a bit nevertheless.
As you lay awake tonight watching for
the enemy be aware that just as time has changed so many
things in your life, the enemy you seek has changed too. Do
not let the enemy defeat you. Beat him. He can be beaten.
We know not what took our friend Don Pravitz, but take him
it did. Major Green, our Association's Historian, let us
know a few weeks back that although it took a while to find
its way online the obituary for Don Pravitz, our Classmate
from Army Signal OCS Class 09-67, told the world that he
died this past year.
don't like to post obituaries on this website, for
if we did it would take up far more space and time than we
have available. Too many of us are too old. Too many of us
are passing too quickly.
With Don's passing something came to our mind, and that
the question of what exactly life is? What, pray tell, is
Waiting for 71 to arrive this year, this thought is
omnipresent in this Editor's head; and having known Don Pravitz
it was likely present in his as he approached the
end of his life too. For him though, he must have known with
certainty what life was all about, for Don sang in his local
choir for over 30 years.
Which brings us to our point of defeating the enemy of life:
those ideas that rattle around inside our head. If you're sitting around
these days missing your glory days, the days when you lived
large, and lamenting the frailties of aged health you are a)
just like the rest of humanity and b) wasting your time.
Most human beings miss the essence of life and if you are
spending your days thinking of your youth you are missing it
too. You are missing it by focusing on the preservation
of your self, or ego, rather than the fullness of the human
life that you can reach within your mind and soul.
Not to wax religious here, but In the Christian tradition,
as expressed by Saint Thomas Aquinas, the notion of eternal
life does not refer primarily to the prolongation of an
earthly, physical life based on the concept of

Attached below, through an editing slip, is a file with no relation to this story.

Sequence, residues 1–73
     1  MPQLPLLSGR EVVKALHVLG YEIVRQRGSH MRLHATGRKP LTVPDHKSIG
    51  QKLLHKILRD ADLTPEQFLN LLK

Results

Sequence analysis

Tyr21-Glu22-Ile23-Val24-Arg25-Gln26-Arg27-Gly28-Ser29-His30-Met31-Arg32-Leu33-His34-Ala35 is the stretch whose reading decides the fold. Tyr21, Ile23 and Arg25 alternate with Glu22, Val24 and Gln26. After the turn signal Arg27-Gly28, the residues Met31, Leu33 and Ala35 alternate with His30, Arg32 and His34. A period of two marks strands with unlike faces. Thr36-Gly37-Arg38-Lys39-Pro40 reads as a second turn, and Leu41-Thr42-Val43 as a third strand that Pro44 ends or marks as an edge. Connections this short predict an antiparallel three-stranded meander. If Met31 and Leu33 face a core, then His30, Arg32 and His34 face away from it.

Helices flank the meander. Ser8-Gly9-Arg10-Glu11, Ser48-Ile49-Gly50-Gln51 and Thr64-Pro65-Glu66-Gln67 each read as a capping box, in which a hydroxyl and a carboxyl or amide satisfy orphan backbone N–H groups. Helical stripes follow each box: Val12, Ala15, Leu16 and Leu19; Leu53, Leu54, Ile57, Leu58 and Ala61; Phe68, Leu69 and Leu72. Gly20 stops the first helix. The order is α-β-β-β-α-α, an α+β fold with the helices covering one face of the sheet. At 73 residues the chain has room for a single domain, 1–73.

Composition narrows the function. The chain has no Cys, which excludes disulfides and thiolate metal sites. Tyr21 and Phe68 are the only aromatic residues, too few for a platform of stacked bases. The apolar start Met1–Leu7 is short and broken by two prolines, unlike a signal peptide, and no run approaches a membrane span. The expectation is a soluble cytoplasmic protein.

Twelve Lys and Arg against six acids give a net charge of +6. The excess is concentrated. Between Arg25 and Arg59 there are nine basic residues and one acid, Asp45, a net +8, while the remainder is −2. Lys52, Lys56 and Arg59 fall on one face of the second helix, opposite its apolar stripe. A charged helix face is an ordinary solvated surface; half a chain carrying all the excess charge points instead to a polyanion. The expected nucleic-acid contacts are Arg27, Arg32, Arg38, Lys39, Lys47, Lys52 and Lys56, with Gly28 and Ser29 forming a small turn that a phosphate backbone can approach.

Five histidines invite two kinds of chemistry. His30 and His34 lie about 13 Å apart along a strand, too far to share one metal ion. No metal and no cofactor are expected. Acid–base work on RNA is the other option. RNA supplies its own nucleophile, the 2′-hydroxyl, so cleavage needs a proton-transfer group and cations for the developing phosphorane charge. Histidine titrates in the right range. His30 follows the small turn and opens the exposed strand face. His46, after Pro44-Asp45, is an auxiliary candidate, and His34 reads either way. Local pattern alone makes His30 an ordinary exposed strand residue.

immortality, but on the fullness a human life can
achieve if one's goal in life is not the preservation of
self and body, but communion with and service to God and
Taking God out of the equation and focusing on service to
one's neighbors (read: family and friends) one can find the same idea
in other monotheistic religions. Judaism and even
our sometimes evil friend Islam believe in this tenet too. In the Eastern world
Hinduism and Buddhism—which are not religions but
philosophical practices—both point to the importance of
letting go of the ego and id and focusing on the good one
can do by communing with society (read again: family and
friends) in a
way that helps society.
Traditions such as these converge in the observation that
the more one "de-centers" oneself the more one loses
interest in self-preservation or the extension of one's
biological lifespan; and when that happens one finds oneself
practicing a form of modesty that leans toward a person
seeking the flourishing of other people rather than
So if you're feeling old these days and
worrying about how long you have to live, so that you can live again in the
mind of that young man that returned from Vietnam prepared
to conquer the full life ahead of him, turn your thoughts
from preserving your aged body towards
attaining a much higher plain of happiness... one achieved
by living a more meaningful life. You see, there is an
important paradox to life: the more life is experienced
as meaningful the less we are aware of time. The less we
are aware of time, the longer we perceive we live.
Life is an intrinsic good only if you make it good...
and that comes from within your mind, not your ego or the
health of your body. As you pass each day, for the sake of
those good Officers like Don Pravitz that preceded us, make your life
meaningful and you will live forever.